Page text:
Inward words may easily plunge into outward death. Spiritual words may quickly be materialized. To insure their effectiveness spiritual words must be kept alive in the Spirit. Words of revelation need to be nurtured in the Holy Spirit or else you may recall the words but not the revelation. It is relatively common, for example, to know the uncleanness and the repugnancy of sin. Some see this on the first day of their faith in the Lord; others are awakened to it at the time of revival. The first ones see the repugnancy of their sin immediately upon hearing the glad tidings, whereas the others live such a loose life that it may not be until three to five years later that they are revived by the Holy Spirit to be convicted of it.
Once a certain brother was convicted of his sin. He was so overwhelmed by it that he rolled on the floor from eight in the evening until dawn. Others had long left the meeting hall, but he remained there rolling as though he had come to the gate of hades. “Even though I go to hell,” he cried out, “it still is less than I deserve!” During that night the Lord showed him the repugnancy of sin. He saw it in his spirit, and he was able to tell others of the hatefulness of sin. As is written in a hymn, he saw sin as black as smoke, and nothing is darker than smoke. With just those few words he was able to utter his inward revelation. Many were helped. Even so, after two or three years his revelation gradually grew dim. The words “sin black as smoke” were still with him, but when he rose to speak, the picture was no longer there. The revelation of the Holy Spirit had faded away; it was no longer as distinct and powerful as before. Formerly when he preached on the blackness of sin it was with tears in his eyes; now he spoke with a smile. The taste was different. The words were the same, but the Holy Spirit memory was absent.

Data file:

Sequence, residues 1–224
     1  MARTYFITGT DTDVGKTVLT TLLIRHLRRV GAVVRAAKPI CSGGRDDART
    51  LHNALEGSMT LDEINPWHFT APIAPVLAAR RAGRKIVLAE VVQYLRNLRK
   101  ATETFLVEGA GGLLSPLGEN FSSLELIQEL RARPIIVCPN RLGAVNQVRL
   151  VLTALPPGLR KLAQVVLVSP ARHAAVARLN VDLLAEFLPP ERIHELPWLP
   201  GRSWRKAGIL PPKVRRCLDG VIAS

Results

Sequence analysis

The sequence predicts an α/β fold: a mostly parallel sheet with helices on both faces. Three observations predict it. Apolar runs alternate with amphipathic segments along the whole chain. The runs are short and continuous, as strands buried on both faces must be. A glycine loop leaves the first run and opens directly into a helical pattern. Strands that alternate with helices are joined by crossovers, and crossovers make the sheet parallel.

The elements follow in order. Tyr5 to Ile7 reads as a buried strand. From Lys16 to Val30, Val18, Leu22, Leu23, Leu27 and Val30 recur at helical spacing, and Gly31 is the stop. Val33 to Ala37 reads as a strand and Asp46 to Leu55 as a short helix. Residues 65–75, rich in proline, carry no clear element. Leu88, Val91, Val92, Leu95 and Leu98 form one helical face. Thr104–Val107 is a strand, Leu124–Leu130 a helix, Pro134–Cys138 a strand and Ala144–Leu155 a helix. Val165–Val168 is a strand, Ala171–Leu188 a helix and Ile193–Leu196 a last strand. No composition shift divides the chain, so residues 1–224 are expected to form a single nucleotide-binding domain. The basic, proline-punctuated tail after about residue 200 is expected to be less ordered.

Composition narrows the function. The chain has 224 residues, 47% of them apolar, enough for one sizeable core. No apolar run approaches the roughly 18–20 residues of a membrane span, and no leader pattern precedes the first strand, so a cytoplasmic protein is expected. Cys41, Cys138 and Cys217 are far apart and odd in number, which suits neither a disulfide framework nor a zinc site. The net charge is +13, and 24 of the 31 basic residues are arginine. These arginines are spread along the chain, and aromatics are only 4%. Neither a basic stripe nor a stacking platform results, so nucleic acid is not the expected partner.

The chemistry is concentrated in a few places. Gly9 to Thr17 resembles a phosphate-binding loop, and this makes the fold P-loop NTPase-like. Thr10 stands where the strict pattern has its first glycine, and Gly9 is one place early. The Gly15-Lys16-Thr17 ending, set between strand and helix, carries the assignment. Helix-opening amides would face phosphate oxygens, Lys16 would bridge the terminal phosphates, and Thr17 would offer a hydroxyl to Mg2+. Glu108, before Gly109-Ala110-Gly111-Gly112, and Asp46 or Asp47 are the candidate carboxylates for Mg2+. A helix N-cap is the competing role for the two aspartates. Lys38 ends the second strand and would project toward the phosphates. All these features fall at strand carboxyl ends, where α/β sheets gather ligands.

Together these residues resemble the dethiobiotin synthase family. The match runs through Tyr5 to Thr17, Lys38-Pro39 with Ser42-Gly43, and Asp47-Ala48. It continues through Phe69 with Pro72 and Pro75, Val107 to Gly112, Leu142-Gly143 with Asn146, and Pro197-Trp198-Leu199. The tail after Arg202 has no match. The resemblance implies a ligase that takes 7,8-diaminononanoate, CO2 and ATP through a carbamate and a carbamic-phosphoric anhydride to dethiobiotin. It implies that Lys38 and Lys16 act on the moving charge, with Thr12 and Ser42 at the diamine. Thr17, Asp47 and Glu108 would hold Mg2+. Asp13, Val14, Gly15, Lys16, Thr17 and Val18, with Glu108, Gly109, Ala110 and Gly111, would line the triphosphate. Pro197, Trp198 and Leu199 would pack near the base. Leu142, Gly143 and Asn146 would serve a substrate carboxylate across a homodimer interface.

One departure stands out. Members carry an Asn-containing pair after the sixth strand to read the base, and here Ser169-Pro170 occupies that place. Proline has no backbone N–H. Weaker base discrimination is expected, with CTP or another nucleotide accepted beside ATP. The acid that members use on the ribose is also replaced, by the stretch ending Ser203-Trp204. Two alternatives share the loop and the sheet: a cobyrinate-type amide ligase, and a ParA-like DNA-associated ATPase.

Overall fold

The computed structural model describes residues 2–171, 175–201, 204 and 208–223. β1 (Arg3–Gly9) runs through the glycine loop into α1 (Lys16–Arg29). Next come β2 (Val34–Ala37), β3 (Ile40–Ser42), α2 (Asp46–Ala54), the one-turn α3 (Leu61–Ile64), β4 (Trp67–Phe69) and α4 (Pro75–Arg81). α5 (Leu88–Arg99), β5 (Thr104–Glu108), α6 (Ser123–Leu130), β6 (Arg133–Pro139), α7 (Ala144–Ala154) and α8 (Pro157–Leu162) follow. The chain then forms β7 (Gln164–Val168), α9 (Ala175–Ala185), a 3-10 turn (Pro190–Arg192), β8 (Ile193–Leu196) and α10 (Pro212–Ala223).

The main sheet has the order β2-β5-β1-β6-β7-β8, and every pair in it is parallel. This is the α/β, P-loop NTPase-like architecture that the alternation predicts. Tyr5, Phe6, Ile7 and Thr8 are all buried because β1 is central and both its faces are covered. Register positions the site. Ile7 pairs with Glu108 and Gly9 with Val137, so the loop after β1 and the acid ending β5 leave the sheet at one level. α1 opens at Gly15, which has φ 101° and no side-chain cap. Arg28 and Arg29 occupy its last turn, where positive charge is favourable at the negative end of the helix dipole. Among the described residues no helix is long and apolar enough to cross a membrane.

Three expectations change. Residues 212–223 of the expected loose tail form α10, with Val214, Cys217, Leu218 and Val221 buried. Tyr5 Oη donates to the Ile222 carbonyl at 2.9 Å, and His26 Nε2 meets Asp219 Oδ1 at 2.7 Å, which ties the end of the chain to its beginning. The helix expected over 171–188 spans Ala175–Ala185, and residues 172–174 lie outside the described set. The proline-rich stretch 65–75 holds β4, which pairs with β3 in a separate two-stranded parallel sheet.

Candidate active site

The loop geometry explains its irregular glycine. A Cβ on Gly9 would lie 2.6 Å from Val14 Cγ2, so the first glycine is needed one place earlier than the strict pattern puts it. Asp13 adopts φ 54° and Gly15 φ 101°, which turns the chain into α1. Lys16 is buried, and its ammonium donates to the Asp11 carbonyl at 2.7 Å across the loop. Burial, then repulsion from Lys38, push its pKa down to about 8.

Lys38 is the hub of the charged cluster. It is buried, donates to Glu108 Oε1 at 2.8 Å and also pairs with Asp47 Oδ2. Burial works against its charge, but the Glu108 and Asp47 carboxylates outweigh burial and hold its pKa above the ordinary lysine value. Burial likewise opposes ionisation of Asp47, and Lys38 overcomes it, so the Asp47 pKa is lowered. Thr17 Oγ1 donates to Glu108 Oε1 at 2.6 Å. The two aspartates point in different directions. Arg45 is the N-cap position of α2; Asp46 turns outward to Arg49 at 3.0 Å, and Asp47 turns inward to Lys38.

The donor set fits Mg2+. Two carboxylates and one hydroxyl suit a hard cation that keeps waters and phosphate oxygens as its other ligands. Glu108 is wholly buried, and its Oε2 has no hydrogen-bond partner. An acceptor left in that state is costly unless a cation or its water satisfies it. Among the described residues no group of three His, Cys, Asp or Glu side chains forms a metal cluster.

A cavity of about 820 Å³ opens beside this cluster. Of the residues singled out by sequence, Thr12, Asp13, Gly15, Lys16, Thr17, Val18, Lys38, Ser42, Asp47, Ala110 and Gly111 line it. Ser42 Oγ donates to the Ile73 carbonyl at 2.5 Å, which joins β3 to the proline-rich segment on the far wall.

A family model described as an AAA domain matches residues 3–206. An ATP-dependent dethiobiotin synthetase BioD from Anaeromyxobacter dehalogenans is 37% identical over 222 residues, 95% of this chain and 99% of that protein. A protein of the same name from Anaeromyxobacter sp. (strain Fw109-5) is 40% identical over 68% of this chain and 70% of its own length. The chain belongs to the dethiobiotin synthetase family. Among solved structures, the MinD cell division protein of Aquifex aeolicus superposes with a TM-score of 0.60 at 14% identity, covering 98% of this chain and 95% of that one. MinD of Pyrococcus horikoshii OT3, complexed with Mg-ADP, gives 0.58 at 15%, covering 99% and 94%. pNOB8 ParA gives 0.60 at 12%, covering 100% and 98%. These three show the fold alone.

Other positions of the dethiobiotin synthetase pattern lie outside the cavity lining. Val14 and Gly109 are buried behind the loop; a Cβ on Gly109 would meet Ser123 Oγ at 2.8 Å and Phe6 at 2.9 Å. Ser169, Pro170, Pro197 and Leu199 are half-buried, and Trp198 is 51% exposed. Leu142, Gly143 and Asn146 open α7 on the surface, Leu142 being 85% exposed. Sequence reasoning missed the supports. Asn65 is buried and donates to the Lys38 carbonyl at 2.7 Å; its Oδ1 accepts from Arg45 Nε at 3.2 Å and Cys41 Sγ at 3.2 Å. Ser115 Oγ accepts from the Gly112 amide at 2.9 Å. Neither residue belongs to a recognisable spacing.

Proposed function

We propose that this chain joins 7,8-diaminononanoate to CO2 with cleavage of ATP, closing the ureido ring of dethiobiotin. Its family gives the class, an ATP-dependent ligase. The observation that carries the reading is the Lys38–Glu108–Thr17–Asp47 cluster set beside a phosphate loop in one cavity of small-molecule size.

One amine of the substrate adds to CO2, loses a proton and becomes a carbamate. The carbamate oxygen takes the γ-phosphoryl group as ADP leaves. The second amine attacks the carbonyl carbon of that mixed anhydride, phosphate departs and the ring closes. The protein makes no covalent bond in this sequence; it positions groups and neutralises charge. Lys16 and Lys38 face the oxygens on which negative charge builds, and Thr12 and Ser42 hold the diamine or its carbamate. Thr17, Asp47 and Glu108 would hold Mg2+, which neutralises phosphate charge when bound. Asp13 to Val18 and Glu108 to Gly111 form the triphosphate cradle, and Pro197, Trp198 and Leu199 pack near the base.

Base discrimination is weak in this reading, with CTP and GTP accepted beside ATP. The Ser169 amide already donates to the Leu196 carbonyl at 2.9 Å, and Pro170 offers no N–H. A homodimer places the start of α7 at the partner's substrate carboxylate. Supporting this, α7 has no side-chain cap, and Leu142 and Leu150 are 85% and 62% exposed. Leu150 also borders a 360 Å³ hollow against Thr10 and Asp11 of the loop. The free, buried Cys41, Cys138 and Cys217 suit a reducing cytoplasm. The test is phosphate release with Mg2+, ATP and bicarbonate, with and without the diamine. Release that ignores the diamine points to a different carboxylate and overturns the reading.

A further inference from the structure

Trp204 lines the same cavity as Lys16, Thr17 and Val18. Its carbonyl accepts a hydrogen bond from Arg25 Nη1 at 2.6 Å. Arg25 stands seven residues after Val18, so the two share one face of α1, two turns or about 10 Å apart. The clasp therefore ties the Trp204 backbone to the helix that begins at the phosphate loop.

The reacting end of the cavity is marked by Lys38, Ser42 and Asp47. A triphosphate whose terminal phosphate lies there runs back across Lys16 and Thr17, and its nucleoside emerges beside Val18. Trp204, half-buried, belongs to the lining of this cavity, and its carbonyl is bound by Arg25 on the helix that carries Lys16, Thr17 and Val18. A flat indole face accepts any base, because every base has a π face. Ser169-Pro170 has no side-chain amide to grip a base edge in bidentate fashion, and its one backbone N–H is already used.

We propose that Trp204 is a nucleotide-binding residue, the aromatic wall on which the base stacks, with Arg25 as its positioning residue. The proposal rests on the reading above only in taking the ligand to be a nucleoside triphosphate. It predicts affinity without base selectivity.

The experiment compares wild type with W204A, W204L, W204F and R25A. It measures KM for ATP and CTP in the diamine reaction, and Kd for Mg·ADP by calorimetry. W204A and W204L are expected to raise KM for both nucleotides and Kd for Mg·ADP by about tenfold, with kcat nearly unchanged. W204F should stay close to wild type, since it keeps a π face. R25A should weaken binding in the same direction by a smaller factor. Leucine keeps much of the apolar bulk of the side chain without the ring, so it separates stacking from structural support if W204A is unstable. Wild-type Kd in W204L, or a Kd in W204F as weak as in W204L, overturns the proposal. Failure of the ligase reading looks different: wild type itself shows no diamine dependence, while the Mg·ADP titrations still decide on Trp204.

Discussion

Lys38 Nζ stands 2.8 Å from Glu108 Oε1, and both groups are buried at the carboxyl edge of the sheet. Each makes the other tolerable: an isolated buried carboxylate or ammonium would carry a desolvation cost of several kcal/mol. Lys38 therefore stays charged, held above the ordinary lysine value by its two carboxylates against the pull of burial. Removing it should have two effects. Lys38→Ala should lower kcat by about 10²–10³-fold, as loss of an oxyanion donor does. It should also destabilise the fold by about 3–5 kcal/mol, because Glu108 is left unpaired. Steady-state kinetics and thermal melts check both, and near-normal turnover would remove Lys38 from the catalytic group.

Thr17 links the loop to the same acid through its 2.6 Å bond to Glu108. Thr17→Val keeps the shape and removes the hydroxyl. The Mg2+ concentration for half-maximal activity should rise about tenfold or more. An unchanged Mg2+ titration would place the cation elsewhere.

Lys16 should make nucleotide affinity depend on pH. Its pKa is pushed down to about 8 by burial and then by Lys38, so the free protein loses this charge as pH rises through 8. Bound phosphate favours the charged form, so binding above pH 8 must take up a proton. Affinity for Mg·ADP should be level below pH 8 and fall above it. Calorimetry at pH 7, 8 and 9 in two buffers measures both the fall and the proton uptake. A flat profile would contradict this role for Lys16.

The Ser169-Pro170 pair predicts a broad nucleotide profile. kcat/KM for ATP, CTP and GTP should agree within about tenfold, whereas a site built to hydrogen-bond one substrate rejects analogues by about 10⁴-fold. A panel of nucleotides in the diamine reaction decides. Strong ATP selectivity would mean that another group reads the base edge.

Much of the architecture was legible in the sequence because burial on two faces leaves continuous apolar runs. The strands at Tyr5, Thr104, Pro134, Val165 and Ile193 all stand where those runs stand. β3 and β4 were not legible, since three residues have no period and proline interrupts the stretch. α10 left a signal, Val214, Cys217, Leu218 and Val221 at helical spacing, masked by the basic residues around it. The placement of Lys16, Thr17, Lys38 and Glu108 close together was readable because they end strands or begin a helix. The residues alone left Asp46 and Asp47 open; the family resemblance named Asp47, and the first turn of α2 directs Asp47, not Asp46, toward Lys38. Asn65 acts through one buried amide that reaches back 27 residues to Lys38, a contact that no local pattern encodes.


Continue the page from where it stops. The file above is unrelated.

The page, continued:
One day the Lord may show you the sinfulness of sin as found in Romans 7.13—“that through the commandment sin might become utterly sinful.” You see the sinfulness of sin and you are terrified by the word “sin.” It is possible, though, that within a few days afterwards you may still recall the words “sinful beyond measure,” and yet the picture is missing. At the time you see the sinfulness of sin before God sin is present and is the image before you. When you subsequently stand to speak on that subject, however, the words may remain with you but the picture has disappeared. We call the picture the Holy Spirit memory.
As a minister of the word you need the Holy Spirit memory which enables you to recall not only the words but the picture also. Hence each time you rise up to speak you should ask the Lord to grant you the Holy Spirit memory so that when the words are uttered the reality may also be sent forth. Otherwise, after you have spoken ten or twenty times on the repugnancy of sin you yourself may become confused. Only when you once again see the sinfulness of sin in the Holy Spirit memory are you able to present the picture as well as speak the words. That is the word of God. Words plus the picture. Brethren, do you realize that God’s word needs to have that picture? Words alone cannot be considered as God’s word. There must be the reality behind them.